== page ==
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Molecular Diagnosis & Therapy

, Volume 19, Issue 1, pp 9–24 | Cite as

A Systematic Review on TST and IGRA Tests Used for Diagnosis of LTBI in Immigrants

  • Jonathon R. Campbell
  • Jane Krot
  • Kevin Elwood
  • Victoria Cook
  • Fawziah Marra
Systematic Review

Abstract

Background

High immigration rates from tuberculosis (TB) endemic countries to low-incidence countries have caused new TB guidelines in these countries to reconsider latent TB infection (LTBI) screening in these immigrants.

Objectives

We performed a systematic review with the primary outcome of evaluating the number of cases recommended LTBI treatment with the tuberculin skin test (TST) or interferon gamma release assay (IGRA). Secondary objectives were to examine prevalence of positive LTBI diagnostic tests stratified by age and incidence of TB in country of origin.

Methods

We performed a systematic search of seven electronic databases for studies assessing TST and/or IGRA performance in immigrant populations to low incidence countries. Demographics, LTBI diagnosis, longitudinal TB development, and test result data were the primary data extracted from the studies. Prevalence of positive test data was stratified by age and country of origin. Studies were evaluated using a modified SIGN checklist for diagnostic studies. Data was compared using Fisher’s exact test or χ 2 test, where appropriate.

Results

Our literature search yielded 51 studies (n = 34 TST, n = 9 IGRA, n = 8 both). Recommendation of LTBI treatment was less common in those tested with an IGRA compared to TST (p < 0.0001), while long-term development of active TB appears higher in those with a positive IGRA. There was no difference in the sensitivity and specificity of the IGRA and TST for prevalent TB (p > 0.05). Prevalence of a positive test was significantly lower in those who were <18 years of age compared to those ≥18 years of age (p < 0.0001) and those from low TB incidence countries compared to high incidence countries (p < 0.0001) for both TST and IGRA. When comparing the two tests within the 2 subgroups: age and TB incidence in country of origin, the prevalence of positive results was significantly lower for the IGRA than the TST (p < 0.0001).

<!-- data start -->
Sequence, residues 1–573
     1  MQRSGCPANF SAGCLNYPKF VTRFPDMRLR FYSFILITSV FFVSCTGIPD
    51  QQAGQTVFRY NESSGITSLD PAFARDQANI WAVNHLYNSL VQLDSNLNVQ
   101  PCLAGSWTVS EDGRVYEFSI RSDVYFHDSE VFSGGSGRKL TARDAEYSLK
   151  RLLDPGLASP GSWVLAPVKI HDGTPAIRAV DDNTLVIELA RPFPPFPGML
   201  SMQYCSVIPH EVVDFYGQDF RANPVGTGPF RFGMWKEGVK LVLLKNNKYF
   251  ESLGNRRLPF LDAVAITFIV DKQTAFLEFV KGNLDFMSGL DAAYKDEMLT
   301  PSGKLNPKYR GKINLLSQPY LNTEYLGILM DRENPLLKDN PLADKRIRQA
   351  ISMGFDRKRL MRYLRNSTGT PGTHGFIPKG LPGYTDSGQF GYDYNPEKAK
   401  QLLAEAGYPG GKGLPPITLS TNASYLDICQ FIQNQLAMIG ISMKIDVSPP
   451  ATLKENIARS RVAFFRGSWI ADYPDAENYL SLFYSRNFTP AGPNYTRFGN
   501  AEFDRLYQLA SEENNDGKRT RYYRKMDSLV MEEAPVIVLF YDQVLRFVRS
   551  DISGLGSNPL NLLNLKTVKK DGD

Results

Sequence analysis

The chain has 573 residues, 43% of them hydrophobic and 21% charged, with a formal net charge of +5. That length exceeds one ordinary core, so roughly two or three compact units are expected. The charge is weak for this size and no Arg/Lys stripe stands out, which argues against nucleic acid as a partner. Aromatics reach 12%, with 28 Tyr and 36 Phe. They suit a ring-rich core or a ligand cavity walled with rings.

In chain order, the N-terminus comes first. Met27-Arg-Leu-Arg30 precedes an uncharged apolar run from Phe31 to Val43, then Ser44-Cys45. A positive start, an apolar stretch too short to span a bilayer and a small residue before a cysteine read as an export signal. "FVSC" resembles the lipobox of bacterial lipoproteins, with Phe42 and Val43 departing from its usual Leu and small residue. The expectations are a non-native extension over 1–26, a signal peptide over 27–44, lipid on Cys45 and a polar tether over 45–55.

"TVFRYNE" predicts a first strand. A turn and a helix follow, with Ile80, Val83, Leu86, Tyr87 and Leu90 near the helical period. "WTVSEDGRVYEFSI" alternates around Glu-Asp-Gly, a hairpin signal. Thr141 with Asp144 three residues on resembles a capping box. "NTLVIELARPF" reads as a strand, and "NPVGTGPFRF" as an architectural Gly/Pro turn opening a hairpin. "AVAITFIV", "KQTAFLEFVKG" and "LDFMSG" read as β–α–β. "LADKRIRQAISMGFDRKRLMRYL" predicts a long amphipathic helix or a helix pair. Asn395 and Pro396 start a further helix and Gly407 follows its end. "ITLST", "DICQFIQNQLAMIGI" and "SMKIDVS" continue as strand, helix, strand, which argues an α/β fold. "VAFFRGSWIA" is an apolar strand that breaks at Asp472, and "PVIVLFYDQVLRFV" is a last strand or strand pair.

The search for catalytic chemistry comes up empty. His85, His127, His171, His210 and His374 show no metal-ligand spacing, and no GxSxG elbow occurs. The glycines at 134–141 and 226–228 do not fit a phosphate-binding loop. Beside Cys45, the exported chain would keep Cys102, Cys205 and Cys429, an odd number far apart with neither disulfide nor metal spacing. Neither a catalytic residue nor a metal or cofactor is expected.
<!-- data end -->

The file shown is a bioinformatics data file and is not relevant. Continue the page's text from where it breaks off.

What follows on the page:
Limitations

The number of available studies evaluating the IGRA and longitudinal active TB development in those tested limits this study.

Conclusion

Prevalence of positive test results were significantly lower in immigrants who were tested with an IGRA, resulting in fewer immigrants being recommended for LTBI treatment compared to TST. Coupled with comparable performance for detecting prevalent TB cases, the IGRA appears to exhibit better specificity than the TST and may be preferred as the standard of care for detecting LTBI in immigrants moving to low TB incidence countries.

Keywords

Tuberculin Skin Test Positive Tuberculin Skin Test Interferon Gamma Release Assay Tuberculin Skin Test Result LTBI Treatment 
These keywords were added by machine and not by the authors. This process is experimental and the keywords may be updated as the learning algorithm improves.

Notes

Funding and conflicts of interest

The authors have no funding sources or conflicts of interest to declare.

Author contribution

Jonathon R. Campbell performed the literature search, extraction, and analysis; he wrote the initial and subsequent drafts and is the guarantor of the overall content. Jane Krot performed the literature search and extraction in tandem with JRC. Victoria Cook and Kevin Elwood provided expert opinion and were involved in the editing and review process. Fawziah Marra conceptualized the paper and its direction; she provided key interpretations of the data and was the main author involved in editing and reviewing the manuscript.

Supplementary material

40291_2014_125_MOESM1_ESM.docx (142 kb)
Supplementary material 1 (DOCX 141 kb)

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Copyright information

© Springer International Publishing Switzerland 2015

Authors and Affiliations

  • Jonathon R. Campbell
    • 1
  • Jane Krot
    • 1
  • Kevin Elwood
    • 2
  • Victoria Cook
    • 1
    • 2
  • Fawziah Marra
    • 1
  1. 1.University of British ColumbiaVancouverCanada
  2. 2.BC Centre for Disease ControlVancouverCanada

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